Science and Technology - Briefs

 
Last Updated: Saturday 04 July 2015 | 02:50:09 AM

imageHEALTH SCIENCES
Side effects of paracetamol

Long-term use of paracetamol during pregnancy could have substantially adverse long-term developmental effect on the child. An assessment of 3,000 pairs of three-year-old siblings has shown that the child who had been exposed to over 28 days of paracetamol has poorer motor, behavioural and communication skills. The results were found to be true even for paracetamol intake of less than 28 days, but the effects were not as severe. International Journal of Epidemiology, October 24 (online)

imageENVIRONMENTAL SCIENCES
Counterbalance to carbon

Territorial plants have helped neutralise 186-192 billion tonnes of carbon since 1850s, causing only a rise of 0.74°Celsius due to carbon dioxide since early 1900s. Had this not happened, the atmosphere’s current carbon concentration would have been 485 parts per million (ppm), well above the threshold limit of 450 ppm at which, scientists believe, the climate would undergo irreversible changes. The current level is 400 ppm. Proceedings of the National Academy of Sciences, October 15

imageCLIMATE SCIENCES
Deadly heat

A study to quantify mortality due to temperature change in Stockholm, Sweden, during 1980-2009 has found that there were 300 more premature deaths in the city due to temperature rise. The number for the country was 1,500. The figures were calculated only for extreme temperatures and would have been much higher had the deaths due less extreme temperatures been included.

To gauge extreme temperature, data during 1900-1929 was used. Global warming not only increases temperature, but also the extent, duration, intensity and frequency of heat waves. Though winters have become milder, extreme cold periods have become more frequent, causing a marginal rise in mortality during winters. Nature Climate Change , October 20 (online)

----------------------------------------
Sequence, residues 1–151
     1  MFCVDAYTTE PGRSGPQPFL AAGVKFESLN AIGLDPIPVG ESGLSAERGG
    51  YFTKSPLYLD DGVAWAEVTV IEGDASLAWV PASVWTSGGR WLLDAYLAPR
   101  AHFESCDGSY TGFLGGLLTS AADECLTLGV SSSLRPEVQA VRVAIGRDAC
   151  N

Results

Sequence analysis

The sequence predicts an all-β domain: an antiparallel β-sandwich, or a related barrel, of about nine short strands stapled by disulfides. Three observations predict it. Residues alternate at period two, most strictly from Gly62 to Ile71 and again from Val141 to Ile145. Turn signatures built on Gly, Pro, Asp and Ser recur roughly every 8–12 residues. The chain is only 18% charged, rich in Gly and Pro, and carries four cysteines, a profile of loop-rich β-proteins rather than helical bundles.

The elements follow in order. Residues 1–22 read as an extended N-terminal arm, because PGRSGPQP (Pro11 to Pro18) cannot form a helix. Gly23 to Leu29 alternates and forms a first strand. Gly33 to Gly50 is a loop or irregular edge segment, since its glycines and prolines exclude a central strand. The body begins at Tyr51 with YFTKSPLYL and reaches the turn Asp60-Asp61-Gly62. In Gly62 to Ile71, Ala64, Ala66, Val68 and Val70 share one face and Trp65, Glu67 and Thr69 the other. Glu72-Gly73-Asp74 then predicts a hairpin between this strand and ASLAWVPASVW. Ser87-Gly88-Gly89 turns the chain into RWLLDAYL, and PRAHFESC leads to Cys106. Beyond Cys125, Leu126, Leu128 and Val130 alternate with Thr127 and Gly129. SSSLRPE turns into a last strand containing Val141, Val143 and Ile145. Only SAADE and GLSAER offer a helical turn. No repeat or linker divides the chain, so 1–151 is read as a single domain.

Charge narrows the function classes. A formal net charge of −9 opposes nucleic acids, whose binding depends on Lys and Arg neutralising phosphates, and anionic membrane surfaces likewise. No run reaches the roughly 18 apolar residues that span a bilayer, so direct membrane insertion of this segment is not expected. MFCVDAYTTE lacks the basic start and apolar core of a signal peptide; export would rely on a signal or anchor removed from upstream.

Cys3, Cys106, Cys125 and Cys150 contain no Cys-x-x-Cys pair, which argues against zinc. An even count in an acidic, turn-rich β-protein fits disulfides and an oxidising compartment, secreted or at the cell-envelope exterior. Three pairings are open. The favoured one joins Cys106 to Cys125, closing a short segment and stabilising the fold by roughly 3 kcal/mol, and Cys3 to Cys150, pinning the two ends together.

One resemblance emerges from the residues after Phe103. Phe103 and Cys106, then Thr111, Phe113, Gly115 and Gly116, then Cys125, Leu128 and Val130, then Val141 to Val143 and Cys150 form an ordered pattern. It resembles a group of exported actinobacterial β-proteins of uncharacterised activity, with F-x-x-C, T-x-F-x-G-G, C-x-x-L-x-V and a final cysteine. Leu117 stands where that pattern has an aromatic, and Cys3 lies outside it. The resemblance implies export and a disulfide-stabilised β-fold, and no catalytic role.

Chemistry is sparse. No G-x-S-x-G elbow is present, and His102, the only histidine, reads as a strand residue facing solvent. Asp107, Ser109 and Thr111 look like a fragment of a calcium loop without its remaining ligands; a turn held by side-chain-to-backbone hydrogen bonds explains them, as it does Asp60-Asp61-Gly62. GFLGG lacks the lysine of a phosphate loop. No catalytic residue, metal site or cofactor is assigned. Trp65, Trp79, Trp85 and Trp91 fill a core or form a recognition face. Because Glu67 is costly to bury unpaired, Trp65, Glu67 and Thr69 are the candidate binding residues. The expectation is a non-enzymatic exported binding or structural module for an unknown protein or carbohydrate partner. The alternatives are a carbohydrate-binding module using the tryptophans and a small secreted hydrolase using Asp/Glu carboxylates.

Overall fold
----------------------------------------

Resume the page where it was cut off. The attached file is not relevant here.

BIOLOGY
Induced growth

Researchers have been able to take human dermal papilla cells (those inside the base of human hair follicles) and use them to create new hair

Conventional hair transplant involves redistribution of hair from one part of the scalp to another, but the process is ineffective if there is insufficient donor hair. A new method has been found to treat hair loss by inducing hair growth. The method generates hair follicles using cells grown from the patient’s donor hair. About 90 per cent of women suffering from hair loss cannot opt for conventional hair transplant method due to inadequate donor hair and the new method could offer them hope. It can also be used on men in early stages of baldness and people who suffer from hair loss due to burns. PNAS October 21 (online)

Poison dart frogs are threatened by fungal infections that paralyse their immune responseZOOLOGY
Killer fungus

The number of amphibians in the world has been declining in the past 40 years due to fungus Batrachochytrium dendrobatidis. It has now been found that the deadly effect the fungus has on amphibians is due to a toxin the fungus releases. The unidentified toxin disables the immune response of amphibians, causing death. The ability of the toxin to inhibit various cells, including the growth of cancerous mammalian cell lines, indicates that it could be used for developing immunosuppressive or anti-cancer agents. This explains why the frog’s immune system is unable to fight the fungus. Science, October 18